Being Friends With Boys, by Terra Elan McVoy (book review) – “one of the guys” in the band or more?

book cover of Being Friends With Boys by Terra Elan McVoy published by Simon PulseBeing “one of the guys” is better than being ignored by former-best-friends…
Being unadorned is better than her stepsisters‘ cloud of perfume and makeup…
Being shut out by her best friend of all time is pain unbearable…

Charlotte has long been content to be the behind-the-scenes arranger-of-everything for the band, but when lead singer Oliver takes credit for all her lyrics, she starts to question the status quo.

Is it time for Char to break away from Sad Jackal like her best pal Trip did or should she stay and grab the spotlight for her own talents?

Dealing with insiders and outsiders,with people who’ve moved away and those who refuse to move on, with seeing past the surface to discover the truth, Charlotte’s golden summer moves into cooler weather and changes in the band, its members, and her outlook.

While not a novel in verse as her earlier After the Kiss  (my no-spoiler review here), McVoy’s newest book features true, realistic spoken and unsaid dialogue along with Charlotte’s soul-baring lyrics. Find  both books at your local library or independent bookstore.

Book info: Being Friends With Boys / Terra Elan McVoy. Simon Pulse, 2012. [author’s website] [publisher site] [book trailer] Review copy and cover image courtesy of the publisher.

My Book Talk: Being considered “one of the guys” by Oliver, Trip, and Abe is fine with Charlotte, as she gives them the girl-perspective on life and keeping their band together behind the scenes. When a new guy joins the band and encourages her to grab the mike, their whole dynamic changes and Char isn’t sure if the guys can handle it.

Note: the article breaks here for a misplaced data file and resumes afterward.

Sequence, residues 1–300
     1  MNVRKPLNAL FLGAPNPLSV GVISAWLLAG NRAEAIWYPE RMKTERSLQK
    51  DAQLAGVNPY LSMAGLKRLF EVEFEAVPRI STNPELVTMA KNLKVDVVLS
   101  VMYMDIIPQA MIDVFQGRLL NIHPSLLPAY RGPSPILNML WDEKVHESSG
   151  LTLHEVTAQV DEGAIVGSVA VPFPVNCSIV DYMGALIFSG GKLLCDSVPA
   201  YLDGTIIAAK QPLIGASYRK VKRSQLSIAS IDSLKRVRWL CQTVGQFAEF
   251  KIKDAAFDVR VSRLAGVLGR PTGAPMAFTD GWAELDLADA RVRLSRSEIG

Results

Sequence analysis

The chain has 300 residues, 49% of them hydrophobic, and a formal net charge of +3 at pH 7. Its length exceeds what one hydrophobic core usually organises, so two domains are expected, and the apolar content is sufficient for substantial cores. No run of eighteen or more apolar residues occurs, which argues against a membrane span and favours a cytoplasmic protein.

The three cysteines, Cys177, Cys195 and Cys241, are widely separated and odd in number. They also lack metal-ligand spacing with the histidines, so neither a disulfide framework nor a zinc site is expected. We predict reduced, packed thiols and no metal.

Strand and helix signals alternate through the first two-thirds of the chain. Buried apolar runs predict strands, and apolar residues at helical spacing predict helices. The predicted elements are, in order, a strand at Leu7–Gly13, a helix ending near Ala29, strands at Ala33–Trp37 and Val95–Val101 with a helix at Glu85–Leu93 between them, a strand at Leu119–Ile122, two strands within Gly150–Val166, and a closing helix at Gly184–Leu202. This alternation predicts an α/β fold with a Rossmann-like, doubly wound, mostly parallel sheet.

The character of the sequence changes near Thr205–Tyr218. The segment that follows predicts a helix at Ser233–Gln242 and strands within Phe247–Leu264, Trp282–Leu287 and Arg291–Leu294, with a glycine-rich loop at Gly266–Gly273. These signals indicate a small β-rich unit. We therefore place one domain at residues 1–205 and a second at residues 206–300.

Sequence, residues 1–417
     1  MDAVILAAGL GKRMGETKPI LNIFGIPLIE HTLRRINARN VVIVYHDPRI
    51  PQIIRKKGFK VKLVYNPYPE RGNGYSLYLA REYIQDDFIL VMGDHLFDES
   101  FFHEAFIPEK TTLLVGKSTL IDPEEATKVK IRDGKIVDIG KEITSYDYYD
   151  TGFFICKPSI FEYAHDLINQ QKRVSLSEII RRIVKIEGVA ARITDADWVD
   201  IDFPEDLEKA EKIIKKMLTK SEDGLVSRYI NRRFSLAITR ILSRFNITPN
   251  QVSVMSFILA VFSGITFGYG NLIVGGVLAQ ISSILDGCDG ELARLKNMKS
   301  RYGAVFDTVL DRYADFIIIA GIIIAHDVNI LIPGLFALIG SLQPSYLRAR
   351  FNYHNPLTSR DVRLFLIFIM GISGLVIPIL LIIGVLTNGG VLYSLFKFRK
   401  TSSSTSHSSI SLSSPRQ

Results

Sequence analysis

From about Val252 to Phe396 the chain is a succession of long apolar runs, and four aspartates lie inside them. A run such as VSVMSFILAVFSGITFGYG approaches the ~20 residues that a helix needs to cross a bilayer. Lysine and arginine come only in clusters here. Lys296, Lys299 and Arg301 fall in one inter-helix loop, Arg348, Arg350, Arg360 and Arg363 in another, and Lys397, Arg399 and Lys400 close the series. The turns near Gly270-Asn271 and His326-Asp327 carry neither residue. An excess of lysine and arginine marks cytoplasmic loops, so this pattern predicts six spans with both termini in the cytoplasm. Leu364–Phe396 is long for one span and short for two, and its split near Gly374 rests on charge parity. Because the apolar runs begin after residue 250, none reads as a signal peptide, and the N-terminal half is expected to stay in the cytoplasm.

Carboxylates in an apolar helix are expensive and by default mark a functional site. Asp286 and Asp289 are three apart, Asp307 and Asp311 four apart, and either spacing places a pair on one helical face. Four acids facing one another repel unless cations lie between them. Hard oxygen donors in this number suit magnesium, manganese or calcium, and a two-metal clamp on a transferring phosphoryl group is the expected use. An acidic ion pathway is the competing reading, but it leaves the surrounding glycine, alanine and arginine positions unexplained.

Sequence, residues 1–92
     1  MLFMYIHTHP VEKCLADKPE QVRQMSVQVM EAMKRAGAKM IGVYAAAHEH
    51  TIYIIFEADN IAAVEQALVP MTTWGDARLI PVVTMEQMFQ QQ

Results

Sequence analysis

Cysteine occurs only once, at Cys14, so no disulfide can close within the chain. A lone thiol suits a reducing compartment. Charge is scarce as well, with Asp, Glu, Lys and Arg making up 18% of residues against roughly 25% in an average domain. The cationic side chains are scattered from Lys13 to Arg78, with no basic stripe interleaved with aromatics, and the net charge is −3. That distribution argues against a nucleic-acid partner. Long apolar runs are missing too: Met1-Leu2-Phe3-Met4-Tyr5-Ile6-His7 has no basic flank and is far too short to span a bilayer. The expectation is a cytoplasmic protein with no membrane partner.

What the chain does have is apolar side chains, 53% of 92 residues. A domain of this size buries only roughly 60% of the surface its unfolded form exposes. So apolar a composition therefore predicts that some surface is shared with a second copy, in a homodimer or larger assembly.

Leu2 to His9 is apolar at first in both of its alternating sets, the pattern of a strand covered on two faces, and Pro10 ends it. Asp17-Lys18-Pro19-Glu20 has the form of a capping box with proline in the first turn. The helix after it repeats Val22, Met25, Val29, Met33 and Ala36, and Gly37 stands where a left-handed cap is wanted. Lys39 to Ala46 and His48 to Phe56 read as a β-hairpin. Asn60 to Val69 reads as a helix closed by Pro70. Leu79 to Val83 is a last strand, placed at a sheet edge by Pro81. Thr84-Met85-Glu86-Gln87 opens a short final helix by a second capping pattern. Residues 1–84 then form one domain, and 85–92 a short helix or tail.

She and Trip have been friends forever, but after he and lead singer Oliver have “creative differences” Trip leaves the band, and Sad Jackal must audition a new lead guitar player. Now who’s going to create all the melodies for Char’s lyrics?

Char has to deal with Trip’s sudden distance at school, her stepsisters’ giggle-pop taste in music at home, and weird vibrations at band practice, as new guitarist Fabian starts treating her like a girl. New lyrics just stream from her pen as her stepsister has a messy break-up, as other friendships ebb and flow… and Sad Jackal is hired to play at the school’s Halloween dance.

Trying to balance her commitment to the band with tough school classes, she agrees to be brilliant slacker Benji’s study buddy despite Trip’s dire warnings. As Halloween nears, Charlotte allows her stepsisters to give her beauty treatments and lets Fabian coax her into singing harmonies that turn into full-blown solos.

Does Fabian really see her as a girl instead of just another member of the band?
Can Oliver deal with Charlotte taking the microphone or does he want her to stay out of his spotlight?
What if her need to sing the stories she writes as lyrics is stronger than the band’s need for her to smooth out all the details for them?
And why is Trip avoiding all her calls now, when she needs his viewpoints most of all?

Rooted in Atlanta’s alternative music scene, Charlotte struggles to decide if it’s time to stop just Being Friends With Boys and get going with her life in music and beyond. (One of 5,000 books recommended on

5 thoughts on “Being Friends With Boys, by Terra Elan McVoy (book review) – “one of the guys” in the band or more?

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